In 2015, financial services giant Prudential ran an experiment they called ‘magnets’.
The company labelled a series of yellow magnets with positive experiences, such as ‘graduation’ or ‘marriage’. Similarly, they labelled a series of blue magnets with negative experiences. Blue magnets said things like ‘divorce’ or ‘unemployment’.
The company then asked participants to stick the scenarios they’d personally experienced on a magnetic board. Participants did so, and the board was a fairly even mix of yellow and blue magnets – so a fairly even mix of positive and negative experiences.
Next, Prudential asked participants to stick magnets describing things that might happen in the future to a new board. The results were telling.
As opposed to a fairly even mix of yellow and blue magnets, the board depicting the future was filled almost entirely with yellow magnets. According to participants, the future was certain to be rosy.
The experiments demonstrates the optimism bias. The optimism bias in cyber security is one of the reasons cyber crime continues to soar.
A bias for optimism
To the psychologists behind the above experiment, the outcome wasn’t surprising.
Social psychologists and behavioural scientists have known for a long time that humans typically harbour an “optimism bias” – an inherent bias for optimism. In a classic demonstration, the neuroscientist Dr. Tali Sharot asked people to estimate their risk of contracting cancer at some point in their lifetime. At the time, actual risks were around 30% – but the average response was just 10%.
The optimism bias is an intriguing concept that comes with a host of benefits, such as shielding us from depression and ensuring we respond positively to failure.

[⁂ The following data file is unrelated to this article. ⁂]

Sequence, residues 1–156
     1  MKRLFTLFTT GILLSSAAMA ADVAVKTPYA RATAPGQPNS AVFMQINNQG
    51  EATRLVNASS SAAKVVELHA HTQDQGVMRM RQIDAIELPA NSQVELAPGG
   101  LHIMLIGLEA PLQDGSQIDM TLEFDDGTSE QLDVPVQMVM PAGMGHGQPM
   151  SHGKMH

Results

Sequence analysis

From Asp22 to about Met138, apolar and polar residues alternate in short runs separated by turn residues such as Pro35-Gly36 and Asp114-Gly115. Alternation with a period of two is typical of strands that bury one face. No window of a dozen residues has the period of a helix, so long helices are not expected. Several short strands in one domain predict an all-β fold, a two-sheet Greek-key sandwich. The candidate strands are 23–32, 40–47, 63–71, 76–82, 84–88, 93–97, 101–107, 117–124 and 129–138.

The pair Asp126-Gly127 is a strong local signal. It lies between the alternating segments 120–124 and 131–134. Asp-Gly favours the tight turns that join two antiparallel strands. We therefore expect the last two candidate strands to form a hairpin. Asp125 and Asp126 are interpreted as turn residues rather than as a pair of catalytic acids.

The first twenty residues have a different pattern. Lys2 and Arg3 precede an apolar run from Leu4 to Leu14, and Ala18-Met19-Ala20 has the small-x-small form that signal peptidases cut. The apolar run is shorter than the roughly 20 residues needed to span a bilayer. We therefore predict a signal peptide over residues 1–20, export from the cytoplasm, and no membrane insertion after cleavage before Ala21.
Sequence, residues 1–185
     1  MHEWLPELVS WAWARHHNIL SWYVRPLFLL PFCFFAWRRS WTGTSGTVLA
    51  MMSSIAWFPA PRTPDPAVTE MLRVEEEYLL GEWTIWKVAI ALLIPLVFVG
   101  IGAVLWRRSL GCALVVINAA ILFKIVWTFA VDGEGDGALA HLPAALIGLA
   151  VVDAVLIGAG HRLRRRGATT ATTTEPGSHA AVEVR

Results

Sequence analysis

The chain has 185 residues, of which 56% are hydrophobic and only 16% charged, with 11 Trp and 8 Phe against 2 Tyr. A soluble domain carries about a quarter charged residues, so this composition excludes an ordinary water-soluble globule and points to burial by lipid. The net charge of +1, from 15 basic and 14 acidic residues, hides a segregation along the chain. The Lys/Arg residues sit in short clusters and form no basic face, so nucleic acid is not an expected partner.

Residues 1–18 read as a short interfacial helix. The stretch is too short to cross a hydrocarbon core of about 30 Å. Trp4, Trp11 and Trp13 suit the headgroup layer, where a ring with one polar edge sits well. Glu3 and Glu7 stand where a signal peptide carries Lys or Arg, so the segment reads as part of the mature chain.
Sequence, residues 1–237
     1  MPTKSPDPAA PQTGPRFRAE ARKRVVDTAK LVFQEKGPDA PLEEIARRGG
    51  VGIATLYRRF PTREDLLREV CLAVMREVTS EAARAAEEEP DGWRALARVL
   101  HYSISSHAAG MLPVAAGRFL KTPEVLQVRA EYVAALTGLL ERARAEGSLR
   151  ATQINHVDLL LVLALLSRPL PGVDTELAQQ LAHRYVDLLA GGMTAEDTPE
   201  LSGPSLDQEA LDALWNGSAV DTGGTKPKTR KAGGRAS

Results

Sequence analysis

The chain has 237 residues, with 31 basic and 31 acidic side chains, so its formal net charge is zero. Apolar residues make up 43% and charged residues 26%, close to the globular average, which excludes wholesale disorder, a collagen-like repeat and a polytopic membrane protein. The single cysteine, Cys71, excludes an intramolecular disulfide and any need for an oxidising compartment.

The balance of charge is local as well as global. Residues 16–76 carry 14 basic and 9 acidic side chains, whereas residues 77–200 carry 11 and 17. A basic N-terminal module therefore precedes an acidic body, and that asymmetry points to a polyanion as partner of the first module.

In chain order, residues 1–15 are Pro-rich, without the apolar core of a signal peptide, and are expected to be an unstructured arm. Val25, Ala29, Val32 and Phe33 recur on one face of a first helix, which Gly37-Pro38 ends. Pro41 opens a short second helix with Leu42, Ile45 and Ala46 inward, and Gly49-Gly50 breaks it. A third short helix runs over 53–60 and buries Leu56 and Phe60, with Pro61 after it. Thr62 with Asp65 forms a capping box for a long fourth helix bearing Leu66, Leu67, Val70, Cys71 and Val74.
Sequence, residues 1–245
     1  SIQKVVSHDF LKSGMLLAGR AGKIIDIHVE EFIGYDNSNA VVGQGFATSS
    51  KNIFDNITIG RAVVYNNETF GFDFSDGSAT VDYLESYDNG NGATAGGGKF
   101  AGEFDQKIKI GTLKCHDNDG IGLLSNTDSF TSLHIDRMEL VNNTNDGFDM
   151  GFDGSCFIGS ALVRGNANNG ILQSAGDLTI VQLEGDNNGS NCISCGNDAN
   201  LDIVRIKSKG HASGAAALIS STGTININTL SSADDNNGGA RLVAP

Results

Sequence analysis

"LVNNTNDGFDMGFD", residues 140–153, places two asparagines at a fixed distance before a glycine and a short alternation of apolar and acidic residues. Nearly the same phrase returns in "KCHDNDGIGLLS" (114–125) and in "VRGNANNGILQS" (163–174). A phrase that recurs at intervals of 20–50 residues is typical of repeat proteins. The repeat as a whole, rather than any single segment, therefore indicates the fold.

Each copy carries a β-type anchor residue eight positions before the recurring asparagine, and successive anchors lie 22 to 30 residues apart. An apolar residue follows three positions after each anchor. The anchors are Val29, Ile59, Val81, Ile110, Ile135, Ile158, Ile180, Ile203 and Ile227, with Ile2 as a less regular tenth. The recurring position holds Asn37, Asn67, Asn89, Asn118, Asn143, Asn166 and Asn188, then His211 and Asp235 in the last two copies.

Sadly, though, the optimism bias in cyber security leaves us overly-vulnerable to cyber attack.
The optimism bias in cyber security
It doesn’t take a great deal of thought to connect the dots.
People are optimistic. Because people are optimistic, they tend to underestimate risks. People therefore engage unnecessarily in overtly risky behaviour.
So when we receive emails designed to infect our machines with malware, we don’t necessarily treat them with the suspicion they deserve. Far too often, we’re optimistic about the outcome of clicking links – so end up clicking malicious links or opening malicious attachments.
And, thanks to our inherently optimistic nature, we expose ourselves (and the companies we work for) to cyber security threats we could easily avoid.
Controlling for the optimism bias in cyber security
You might be tempted to think controlling for the optimism bias in cyber security would be as simple as revealing its existence. Unfortunately, it’s not that simple – as Tali Sharot’s research went on to reveal.
After Dr. Sharot found people typically placed their chances of contracting cancer at around 10%, she revealed the chances were actually around 30%.
She then asked, once again, what participants thought their chances of contracting cancer over the duration of their life were. The average response?
The almost non-existent change is a classic demonstration of what academics label comparative optimism. Comparative optimism convinces us others are more likely to suffer negative experiences than we are ourselves.
If that seems surprising, bear in mind your chances of contracting cancer are 30%. Then ask yourself:
Do you really think your chances are just shy of 1 in 3?
“A worthwhile pursuit”
That said, all is not lost.
Although learning of the optimism bias might not change our attitudes, it is possible for the rational areas of the human brain to override their irrational counterparts and change the way we behave in practice. Prenuptial agreements offer a nice demonstration.
Newlyweds typically predict their chances of divorce to be around 0% – yet often pay for, prepare and sign prenuptial agreements. At least for some couples, rational thoughts dictate their behaviour.
Admittedly, forcing the rational areas of our brains to drive our behaviour isn’t natural and doesn’t come easy. But when it comes to cyber security, channeling rationality could overcome human biases and decrease the frequency and severity of cyber attacks.
Ultimately, that seems like a worthwhile pursuit.
Almost half of all UK businesses suffered some form of cyber security breach in the past 12 months. Whether we believe it or not, the dangers exist.
By understanding the multifaceted challenges of behaviour change it is possible to reduce the risks posed by these dangers.
That is something worth being optimistic about.